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Curbing financial risks top agenda

Writer: Winton Dong  | Editor: Jane Chen  | From:  | Updated: 2018-01-08
Email of the writer: dht0620@126.com

THE annual tone-setting Chinese Central Economic Work Conference of 2018, which ended Dec. 20, pledged to achieve substantial progress in three areas: the prevention of major risks, poverty alleviation and pollution control.

Having reached middle-income living standards in the past years, China has gradually shifted to a more intensive and sustainable rather than extensive and unbalanced way of expansion, which includes a stronger emphasis on the quality of growth, as opposed to quantity mainly measured by GDP.

President Xi Jinping said in his report to the 19th National Congress of the Communist Party of China that the world’s second-largest economy is evolving from the phase of a high rate of growth to the stage of high-quality development. Chinese citizens, therefore, highly expect more emphasis on programs to achieve deleveraging, higher efficiency in the public sector, a cleaner environment, improved public services and a better investment environment.

Among the three major tasks, the most important one is to prevent major risks, mainly financial risks. Top policymakers must control overall leverage levels both at home and abroad to ensure that they will not further rise and cause systematic financial risks.

A fundamental way to prevent domestic financial risks is to meet the financing demand of the real economy sectors. For many years, large amounts of Chinese money have been poured into housing construction and real economy has been seriously weakened. As top Chinese leaders have repeatedly said that “houses are built for living in, not for speculation,” the real estate market is likely returning to fundamentals such as demographic changes and migration, which urge developers in the country to rethink real demand in the bubbling market. According to the National Bureau of Statistics, new home prices in most cities across China were lower in December 2017 on a year-on-year basis and home prices in key cities remain stable. Home transactions in mega cities like Shanghai and Beijing are not as active as the previous year because the supply side is no longer growing after more land supplies are being allocated to public rental projects.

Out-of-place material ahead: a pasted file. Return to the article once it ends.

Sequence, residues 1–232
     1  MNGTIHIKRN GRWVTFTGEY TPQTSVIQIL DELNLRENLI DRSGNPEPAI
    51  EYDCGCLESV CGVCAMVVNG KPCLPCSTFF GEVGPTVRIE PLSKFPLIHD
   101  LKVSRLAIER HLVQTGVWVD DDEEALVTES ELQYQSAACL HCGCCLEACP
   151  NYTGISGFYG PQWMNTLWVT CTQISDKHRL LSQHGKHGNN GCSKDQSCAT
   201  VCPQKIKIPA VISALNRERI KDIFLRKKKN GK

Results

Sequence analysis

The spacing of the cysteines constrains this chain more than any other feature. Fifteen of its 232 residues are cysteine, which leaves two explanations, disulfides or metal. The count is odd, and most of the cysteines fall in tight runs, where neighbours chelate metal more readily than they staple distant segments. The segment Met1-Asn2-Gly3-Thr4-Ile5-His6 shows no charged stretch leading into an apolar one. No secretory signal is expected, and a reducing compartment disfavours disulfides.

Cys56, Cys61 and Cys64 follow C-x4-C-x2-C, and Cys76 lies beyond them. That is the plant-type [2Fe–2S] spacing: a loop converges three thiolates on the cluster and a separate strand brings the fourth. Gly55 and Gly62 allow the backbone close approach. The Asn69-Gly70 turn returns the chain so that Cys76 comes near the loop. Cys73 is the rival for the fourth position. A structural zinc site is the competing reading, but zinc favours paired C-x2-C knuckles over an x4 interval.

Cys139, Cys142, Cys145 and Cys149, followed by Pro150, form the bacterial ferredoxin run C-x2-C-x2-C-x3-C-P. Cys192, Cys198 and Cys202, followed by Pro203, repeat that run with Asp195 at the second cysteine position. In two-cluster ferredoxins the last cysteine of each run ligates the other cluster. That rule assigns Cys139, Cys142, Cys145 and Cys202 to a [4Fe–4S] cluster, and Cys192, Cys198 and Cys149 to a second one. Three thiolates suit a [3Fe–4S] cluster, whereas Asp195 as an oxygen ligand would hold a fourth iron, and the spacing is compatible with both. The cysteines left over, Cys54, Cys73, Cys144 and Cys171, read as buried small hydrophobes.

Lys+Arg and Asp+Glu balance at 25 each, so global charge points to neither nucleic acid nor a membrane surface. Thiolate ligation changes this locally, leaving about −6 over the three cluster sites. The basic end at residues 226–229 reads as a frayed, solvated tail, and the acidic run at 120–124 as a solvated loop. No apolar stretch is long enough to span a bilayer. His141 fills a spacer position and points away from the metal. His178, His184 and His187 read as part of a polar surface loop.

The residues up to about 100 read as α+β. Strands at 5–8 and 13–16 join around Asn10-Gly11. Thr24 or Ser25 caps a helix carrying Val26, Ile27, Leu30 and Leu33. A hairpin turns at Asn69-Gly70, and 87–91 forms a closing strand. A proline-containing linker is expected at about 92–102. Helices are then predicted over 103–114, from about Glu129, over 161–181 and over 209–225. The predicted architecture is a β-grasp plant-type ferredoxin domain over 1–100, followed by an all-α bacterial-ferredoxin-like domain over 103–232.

Local governments’ debt is also regarded as one of the most risky areas threatening economic stability. The country has used a “debt-to-bond” swap program since 2014 to shift short-term and high-default-risk debt into long-term and relatively stable bonds. To make debt risk controllable, the Finance Ministry will further tighten supervision on local government borrowing and private-public partnership projects this year.

As late Chinese leader Deng Xiaoping said, “Do two jobs at the same time and attach equal importance to both of them.” The Chinese Government is not likely to prevent domestic financial risks on the one hand while letting risks caused by external factors go unchecked. Some external challenges, such as interest rate hikes in the United States, may pose financial risks for China’s overseas investment in the near future.

To keep national financial security, China is tightening its grip on outbound investment risks, targeting both private companies and State-owned enterprises (SOE). On Dec. 18, the Chinese Government issued the Code of Conduct for private companies. The code indicates that private firms should exercise caution in high-leveraging fundraising in foreign countries, and they need to strenghten supervision over their overseas offices’ activities such as share sales.

The Code of Conduct for SOEs will also come out soon. While the code has yet to be released to the public, the overall regulation framework is the same as the one targeting private companies. The code will compliment guidelines issued in August 2017, which laid out rules curbing outbound investment in sensitive sectors such as property, hotels, sports and entertainment.

The guidelines are warnings that China is not willing to support illegal activities that are contradictory or harmful to its healthy domestic economic growth. Such measures have also proved to be effective. In the first 10 months of 2017, China’s nonfinancial outbound direct investment dropped by 40.9 percent compared with the same period of 2016.

In spite of tight investment scrutiny, China is determined to further promote opening up and cooperation with other countries. With a slew of guidelines having effectively curbed irrational and problematic buying sprees overseas, the government is stepping up legislation, so as to standardize the regulatory framework and turn separate policy documents into a comprehensive law in the coming years.

(The author is the editor-in-chief of the Shenzhen Daily with a Ph.D. from the Journalism and Communication School of Wuhan University.)